In my work, I have been helping to educate my volunteers about historic interpretation as good storytelling. Visitors to our museum do not want to be lectured. They come to learn something about the past to which they can relate to themselves or, at least to which they can compare themselves. They want to feel like they are part of the events that lead young, wealthy men to rebel against their government to form a self-government--a risk not many today in my country would be willing to take, I venture to guess. Or, they want to learn about the domestic life of a colonial gentry household that included slaves and indentured servants. Or, how a gentlewoman entertained her many guests in her fine house.
Often visitors get an interpreter who is enthusiastic about the detailed minutia of history. This is the person who loves telling all the little memories or all of the information collected on a topic over a lifetime of enthusiasm. Not all of the stories are true, but they often sound extremely appealing. It's wonderful to love history and all of its detail. I certainly do. Yet, I also want my interpreters to know the facts. The average visitor is not the connoisseur of historical minutia that the typical interpreter is. They begin to glaze over if you don't capture their imagination right from the beginning of the tour.
The writer and creativity coach, Oriah Mountain Dreamer, puts the importance of storytelling versus rambling or lecturing very succinctly:
An account of a series of events is not a story. A series of
sounds or musical phrases is not a composition. Bits of color or shape, a
string of images or random textures, do not make a piece of art. . . And I
wonder what happened to the editing process, the process by which the raw
material of stories--the words that are chosen, the real or imagined events that
are described, the sensory details of inner responses and outer settings--are
shaped and reshaped until they become something whole and complete."
--What We Ache For: Creativity and the Unfolding of Your Soul, 2005
The editing process is a vital part of storytelling. Without placing emphasis on a critical moment or object or emotion, the listener is lost in what I call the "laundry list" of factoids. It's information overload and their brain has shut down. I don't think history should be taught like peas are fed to children, "because it's good for you." I think that history is storytelling and that the story must be enjoyable and comprehensible to the listener.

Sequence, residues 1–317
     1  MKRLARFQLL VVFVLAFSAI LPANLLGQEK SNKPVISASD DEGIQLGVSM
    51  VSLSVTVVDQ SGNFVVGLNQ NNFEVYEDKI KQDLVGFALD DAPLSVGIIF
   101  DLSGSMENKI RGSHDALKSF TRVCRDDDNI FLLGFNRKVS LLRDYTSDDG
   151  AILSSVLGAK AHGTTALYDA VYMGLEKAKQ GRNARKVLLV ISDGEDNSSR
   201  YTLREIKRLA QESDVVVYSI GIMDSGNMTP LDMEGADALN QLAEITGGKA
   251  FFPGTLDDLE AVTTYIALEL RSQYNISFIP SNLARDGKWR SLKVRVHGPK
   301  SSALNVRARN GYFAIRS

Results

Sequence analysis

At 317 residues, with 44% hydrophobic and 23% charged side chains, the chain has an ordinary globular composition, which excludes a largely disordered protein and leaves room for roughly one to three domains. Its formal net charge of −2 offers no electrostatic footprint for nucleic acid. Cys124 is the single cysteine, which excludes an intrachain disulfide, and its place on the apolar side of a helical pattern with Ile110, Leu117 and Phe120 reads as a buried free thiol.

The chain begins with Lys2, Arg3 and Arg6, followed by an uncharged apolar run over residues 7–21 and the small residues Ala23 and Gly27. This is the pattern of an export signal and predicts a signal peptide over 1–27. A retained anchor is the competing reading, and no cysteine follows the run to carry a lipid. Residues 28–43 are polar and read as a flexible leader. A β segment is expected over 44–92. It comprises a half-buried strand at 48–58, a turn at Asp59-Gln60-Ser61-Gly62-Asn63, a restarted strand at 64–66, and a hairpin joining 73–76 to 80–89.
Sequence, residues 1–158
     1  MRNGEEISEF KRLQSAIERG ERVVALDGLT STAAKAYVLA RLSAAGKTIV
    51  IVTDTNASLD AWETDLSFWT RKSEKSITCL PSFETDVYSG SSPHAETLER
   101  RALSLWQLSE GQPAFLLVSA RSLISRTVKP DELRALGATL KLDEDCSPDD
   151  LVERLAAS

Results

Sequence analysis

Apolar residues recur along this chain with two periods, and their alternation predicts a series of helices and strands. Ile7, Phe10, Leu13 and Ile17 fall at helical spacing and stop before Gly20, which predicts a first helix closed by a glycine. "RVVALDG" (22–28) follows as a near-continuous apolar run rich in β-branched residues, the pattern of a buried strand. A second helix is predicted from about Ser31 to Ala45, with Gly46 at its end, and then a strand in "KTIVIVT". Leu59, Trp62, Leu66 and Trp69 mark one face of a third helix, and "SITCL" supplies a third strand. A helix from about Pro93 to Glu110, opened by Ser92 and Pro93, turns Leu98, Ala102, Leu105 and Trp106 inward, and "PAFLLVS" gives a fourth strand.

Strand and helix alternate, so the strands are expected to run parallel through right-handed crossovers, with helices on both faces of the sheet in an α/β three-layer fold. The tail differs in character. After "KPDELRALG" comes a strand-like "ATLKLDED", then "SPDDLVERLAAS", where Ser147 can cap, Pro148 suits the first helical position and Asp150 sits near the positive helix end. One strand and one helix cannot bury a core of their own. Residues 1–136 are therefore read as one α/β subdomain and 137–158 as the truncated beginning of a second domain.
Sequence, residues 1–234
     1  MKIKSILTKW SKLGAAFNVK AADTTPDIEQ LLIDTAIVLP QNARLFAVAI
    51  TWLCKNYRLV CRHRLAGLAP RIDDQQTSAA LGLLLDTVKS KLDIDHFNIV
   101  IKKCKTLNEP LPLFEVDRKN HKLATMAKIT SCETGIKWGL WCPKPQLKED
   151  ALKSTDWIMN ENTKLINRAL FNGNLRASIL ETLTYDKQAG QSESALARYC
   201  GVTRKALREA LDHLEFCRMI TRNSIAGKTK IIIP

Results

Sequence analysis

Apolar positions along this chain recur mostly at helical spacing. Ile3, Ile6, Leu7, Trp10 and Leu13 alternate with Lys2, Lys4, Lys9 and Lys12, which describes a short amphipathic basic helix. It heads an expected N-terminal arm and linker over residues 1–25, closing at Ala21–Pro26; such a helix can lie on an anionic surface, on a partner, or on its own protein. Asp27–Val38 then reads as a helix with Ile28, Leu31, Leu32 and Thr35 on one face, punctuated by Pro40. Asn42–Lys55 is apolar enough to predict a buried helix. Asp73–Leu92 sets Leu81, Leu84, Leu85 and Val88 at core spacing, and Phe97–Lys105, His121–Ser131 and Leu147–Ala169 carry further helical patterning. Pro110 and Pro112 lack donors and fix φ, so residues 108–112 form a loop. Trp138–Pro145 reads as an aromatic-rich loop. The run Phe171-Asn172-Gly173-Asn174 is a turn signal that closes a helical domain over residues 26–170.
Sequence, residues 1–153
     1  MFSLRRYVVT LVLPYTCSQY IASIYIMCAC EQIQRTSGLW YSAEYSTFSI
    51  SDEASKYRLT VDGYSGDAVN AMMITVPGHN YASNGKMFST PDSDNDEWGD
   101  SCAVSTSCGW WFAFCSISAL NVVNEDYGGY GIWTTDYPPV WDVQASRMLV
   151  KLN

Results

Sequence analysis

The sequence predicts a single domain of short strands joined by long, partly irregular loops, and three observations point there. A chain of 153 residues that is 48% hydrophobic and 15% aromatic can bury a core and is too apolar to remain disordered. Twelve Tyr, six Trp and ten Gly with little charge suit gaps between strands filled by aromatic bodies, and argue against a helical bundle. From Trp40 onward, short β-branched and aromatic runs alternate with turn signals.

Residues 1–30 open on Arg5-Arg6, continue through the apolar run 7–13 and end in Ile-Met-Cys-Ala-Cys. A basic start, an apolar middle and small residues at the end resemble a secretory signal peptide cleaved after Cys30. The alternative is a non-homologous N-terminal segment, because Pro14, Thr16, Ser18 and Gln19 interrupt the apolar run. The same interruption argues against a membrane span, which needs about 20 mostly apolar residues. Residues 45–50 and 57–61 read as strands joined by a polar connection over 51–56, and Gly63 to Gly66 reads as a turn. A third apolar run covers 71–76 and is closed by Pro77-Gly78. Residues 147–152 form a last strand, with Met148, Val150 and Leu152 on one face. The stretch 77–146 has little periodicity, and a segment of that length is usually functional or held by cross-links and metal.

The challenge for the interpreter is to assess his or her audience before the story is even begun. There are tales of bards from the Middle Ages who could enter a room and capture an audience with a sweeping gesture and nod towards the crowd. The Bard would calculate timing, cadence, tone of voice, and dramatic movement to propel the story forward and to keep the audience members on the edge of their seats, desperate to hear what happens next.
When I was a pre-teen I went each summer to a camp in the wooded hills of Kentucky. Some of my best friends from my town and neighborhood also went to this camp, but once we were there our lives were filled with new challenges and activities distant from any we did at home.
One of my favorite aspects of this camp was the evening campfires where we watched the sun and our daily life set as the embers of the bonfire began to spark. We sang songs familiar to our teenage counselors--who were children of the late Sixties and taught us folk songs and lighter protest anthems, Scouting songs and even older English or Celtic-inspired ballads. The air temperature grew cold, sometimes the wind picked up and I can still recall the scary tale of Wolf Pen and the native spirits who one of our counselors said inhabited the barren rockscape only three miles hike from where we sat. Storytelling as song and as legend fed my imagination. I think my love of folk music and of being scared by spooky tales comes from these nights in the Kentucky hills.
Later as a graduate student I researched the concept of initiation in West and Central Africa for a paper in an African Art class. It told of the way that pre-teens--girls as well as boys--of a certain age were prepared for adulthood by their separation from their village in a place distant from their homes and families. There they learned--girls with their Elder Ladies or boys with their Elder Menfolk--skills to prepare them for adult lives as women and men. The adults also told them the stories of their people--the mythology, belief-system, and fables that encourage good, proper behavior or quick decision-making. The African stories of the animals and of the Gods become embedded in the young person's mind. For these African pre-teenagers, storytelling and mythology was (is still, in some cases) there to guide them in their daily lives as they approach adulthood. History, mythology and all of the little tales we tell each other and ourselves are somehow an essential part of being human, for all cultures utilize this method of presenting information to each other.
Storytelling is an art that I love to practice especially in the dark months of the year. The wintertime seems the best time to share tales and legends. The darkness feeds the imagination. Creatures can grow. Heroes become larger-than-life. The air holds a sense of mystery and invites you to journey into the Unknown. It's not unlike the dim setting of a movie theater, where moving pictures fuel our desires or nightmares. Even in the summer, the best storytime is after dark. There is something powerful about the memory of sitting round the campfire on sultry June nights that haunts me to this day.
We all have stories to share. Our lives unfold like stories. What is your favorite story?